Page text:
Catarina Rosa's dark tresses frame a face in torment, eyes closed, mouth a scarlet lipstick slash. Her black dress is relieved only by a plunging neckline. Her voice rises and falls against the haunting twang of guitars. I've no idea what her Portuguese lyrics mean, but she isn't happy. I have the impression that this stoic woman in black has either been wronged or widowed. The music sobs and soars. The restaurant audience has ceased its chatter and cutlery-clicking to sit transfixed in the semi-darkness.
This is fado, Portugal's signature sound. These songs are the Portuguese version of American blues or Irish laments. They're about husbands lost at sea, abandoned lovers, immigrant separation, the bittersweet vagaries of fate. In fact, fado means fate. Fado is about something lost for which you yearn, an emotion the Portuguese call suadade. It's a wailing complaint of sorts, and always a fatalistic one.
It's the sixth day of my Insight Vacations journey through Spain and Portugal, and we're in Lisbon on an evening's outing to Cafe Luso, which has been a fado house since 1927. It's first artistic director was fabled fado composer and guitarist Armandinho. In the 1950s Amalia Rodrigues sang here. The "Queen of Fado" became an international star and inspired a whole new generation of fado followers. More recently, fado has become trendy again. Fadistas sing with rock groups and make appearances on talk shows.
Cafe Luso is old school. It inhabits the former wine cellar and stables of a mansion that predates the great Lisbon earthquake of 1755. The ceiling is arched brick, the walls a metre thick. No need for microphones, because the fadistas are surrounded by our tables. We're all crammed in so tightly I can hardly lift my elbow to fork up my fish. When singers erupt into this intimate atmosphere, they can't be ignored.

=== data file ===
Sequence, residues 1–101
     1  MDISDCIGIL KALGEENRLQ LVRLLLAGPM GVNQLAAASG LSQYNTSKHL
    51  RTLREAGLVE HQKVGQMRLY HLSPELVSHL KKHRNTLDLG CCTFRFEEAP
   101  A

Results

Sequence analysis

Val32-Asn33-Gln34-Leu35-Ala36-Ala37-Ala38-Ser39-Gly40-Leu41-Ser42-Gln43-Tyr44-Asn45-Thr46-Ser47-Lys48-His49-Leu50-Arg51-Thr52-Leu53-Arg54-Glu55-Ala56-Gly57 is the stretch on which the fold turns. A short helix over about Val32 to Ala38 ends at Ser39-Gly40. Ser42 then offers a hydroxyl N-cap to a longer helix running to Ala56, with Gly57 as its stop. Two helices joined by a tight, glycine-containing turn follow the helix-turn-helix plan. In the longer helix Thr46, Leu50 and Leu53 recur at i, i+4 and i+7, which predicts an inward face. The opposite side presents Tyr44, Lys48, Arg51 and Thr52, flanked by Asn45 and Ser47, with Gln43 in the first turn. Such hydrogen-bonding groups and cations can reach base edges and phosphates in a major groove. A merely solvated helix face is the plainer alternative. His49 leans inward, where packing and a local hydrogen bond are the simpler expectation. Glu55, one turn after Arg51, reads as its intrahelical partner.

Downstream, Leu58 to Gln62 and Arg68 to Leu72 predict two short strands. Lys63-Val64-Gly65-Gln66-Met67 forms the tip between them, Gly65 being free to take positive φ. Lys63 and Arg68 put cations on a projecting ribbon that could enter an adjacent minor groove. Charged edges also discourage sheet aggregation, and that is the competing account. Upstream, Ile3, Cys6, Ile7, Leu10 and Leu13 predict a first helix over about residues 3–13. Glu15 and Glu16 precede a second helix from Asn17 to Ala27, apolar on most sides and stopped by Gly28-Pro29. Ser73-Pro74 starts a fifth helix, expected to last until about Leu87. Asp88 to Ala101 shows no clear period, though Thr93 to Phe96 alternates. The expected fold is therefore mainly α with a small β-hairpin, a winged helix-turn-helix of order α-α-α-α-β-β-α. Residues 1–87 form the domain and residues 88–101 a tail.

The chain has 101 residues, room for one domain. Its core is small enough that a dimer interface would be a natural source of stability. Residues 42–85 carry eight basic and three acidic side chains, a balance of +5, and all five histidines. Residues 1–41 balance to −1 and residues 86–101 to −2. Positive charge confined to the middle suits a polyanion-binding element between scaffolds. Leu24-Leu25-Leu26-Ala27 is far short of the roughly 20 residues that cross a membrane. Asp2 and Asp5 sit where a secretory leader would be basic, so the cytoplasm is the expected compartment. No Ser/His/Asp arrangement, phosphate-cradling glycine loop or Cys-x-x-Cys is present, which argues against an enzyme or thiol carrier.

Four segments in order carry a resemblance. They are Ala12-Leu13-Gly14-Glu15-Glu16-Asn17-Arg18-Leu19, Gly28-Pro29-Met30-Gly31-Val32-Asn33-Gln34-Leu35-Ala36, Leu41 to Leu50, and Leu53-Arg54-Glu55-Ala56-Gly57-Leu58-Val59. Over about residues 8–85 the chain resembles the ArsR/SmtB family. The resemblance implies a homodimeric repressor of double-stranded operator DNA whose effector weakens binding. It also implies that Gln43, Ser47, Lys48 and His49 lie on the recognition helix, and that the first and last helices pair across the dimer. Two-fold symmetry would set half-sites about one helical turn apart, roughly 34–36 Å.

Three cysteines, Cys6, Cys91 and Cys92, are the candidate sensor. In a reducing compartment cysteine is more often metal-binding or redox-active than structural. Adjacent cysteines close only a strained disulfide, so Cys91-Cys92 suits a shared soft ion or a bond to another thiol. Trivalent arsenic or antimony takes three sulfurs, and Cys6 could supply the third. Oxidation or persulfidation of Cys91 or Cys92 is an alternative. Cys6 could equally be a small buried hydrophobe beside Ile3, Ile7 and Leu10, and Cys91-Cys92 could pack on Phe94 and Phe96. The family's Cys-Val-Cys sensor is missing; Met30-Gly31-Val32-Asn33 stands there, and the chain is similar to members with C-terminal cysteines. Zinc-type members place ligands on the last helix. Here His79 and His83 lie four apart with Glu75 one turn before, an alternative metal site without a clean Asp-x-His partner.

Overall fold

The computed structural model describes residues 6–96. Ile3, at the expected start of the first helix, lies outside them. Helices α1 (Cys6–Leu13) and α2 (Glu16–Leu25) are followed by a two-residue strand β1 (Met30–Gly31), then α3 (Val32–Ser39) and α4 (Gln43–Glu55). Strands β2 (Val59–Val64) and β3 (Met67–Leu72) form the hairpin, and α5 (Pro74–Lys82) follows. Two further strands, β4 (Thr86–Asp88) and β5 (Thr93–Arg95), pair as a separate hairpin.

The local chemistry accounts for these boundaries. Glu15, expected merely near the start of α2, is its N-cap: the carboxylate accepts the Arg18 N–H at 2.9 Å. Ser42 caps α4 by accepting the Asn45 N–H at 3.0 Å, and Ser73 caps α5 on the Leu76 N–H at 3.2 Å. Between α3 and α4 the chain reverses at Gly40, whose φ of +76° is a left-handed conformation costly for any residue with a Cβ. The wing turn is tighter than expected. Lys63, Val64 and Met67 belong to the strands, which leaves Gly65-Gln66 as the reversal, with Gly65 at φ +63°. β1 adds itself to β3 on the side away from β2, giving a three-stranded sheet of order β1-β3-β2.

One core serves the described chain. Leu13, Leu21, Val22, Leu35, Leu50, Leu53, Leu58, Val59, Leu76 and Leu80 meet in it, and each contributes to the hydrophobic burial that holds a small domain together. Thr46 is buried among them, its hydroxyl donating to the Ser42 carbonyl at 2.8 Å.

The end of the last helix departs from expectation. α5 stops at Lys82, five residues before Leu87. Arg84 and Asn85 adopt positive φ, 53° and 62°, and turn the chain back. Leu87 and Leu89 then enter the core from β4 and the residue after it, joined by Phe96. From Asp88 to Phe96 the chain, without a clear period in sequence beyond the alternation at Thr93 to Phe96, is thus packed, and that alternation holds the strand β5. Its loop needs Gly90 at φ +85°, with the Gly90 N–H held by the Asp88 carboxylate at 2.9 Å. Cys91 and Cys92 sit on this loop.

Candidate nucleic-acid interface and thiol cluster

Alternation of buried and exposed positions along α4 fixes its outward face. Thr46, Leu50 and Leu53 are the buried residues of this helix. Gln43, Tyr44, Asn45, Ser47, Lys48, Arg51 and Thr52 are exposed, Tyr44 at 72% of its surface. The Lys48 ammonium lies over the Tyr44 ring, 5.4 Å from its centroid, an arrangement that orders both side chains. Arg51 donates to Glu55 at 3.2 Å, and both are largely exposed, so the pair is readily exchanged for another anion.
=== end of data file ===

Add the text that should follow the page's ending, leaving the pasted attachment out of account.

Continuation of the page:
You don't have to be the best singer to be a fadista. But you must have soul. The lyrics are poetic, the delivery heartfelt and personal. We're so close we can hear the singers draw in their breath and see them frown. Even those who don't understand Portuguese recognise the emotion. As their words fade into a sob, the audience is silenced for a trembling moment before clapping erupts.
Fado emerged in the 1820s, with earlier influences perhaps from medieval troubadours, Moorish music and flamenco dancers. It's accompanied by the viola and Portuguese guitar, which is mandolin-shaped and has 12 strings. In Cafe Lusso, a double-bass adds oomph and jazz-like undertones.
The music originated in hardscrabble, port-side neighbourhoods, and addresses the difficult lives of the poor and marginalised. It also talks a lot about love, its lack and its loss. A triple-time waltz tempo makes some songs seem jaunty, but they're always full of tales of sad resignation. Lyrics are sometimes improvised. Fado uses a lot of rubato, the speeding up and slowing down of tempo, coupled with pauses, for dramatic effect.
We hear five singers this evening, all dressed in black, all with differing singing voices and styles. Elsa Laboreiro appears in a shimmering black gown and long earrings like a tragic heroine from an opera. Felipe Acacio is like a figure from The Godfather. He has a mane of white hair, wears a dapper black suit and effortlessly commands the room. He's an old hand at this, but still makes his songs feel raw and real.
This is the haunting sound of Portugal that gets under your skin and makes your eyes prickle. You go off into the night pleased, knowing you've had a glimpse into the country's weary soul.
Brian Johnston was a guest of Insight Vacations.
Insight Vacations has several tour options that visit Lisbon. Its 15-day Best of Spain and Portugal itinerary between Madrid and Barcelona (or reverse) runs weekly from April to October and includes Salamanca, Porto, Lisbon, Seville, Gibraltar and Granada. Prices from $4199 a person twin share including some meals and tours. Lisbon's fado evening is $US66. See insightvacations.com/au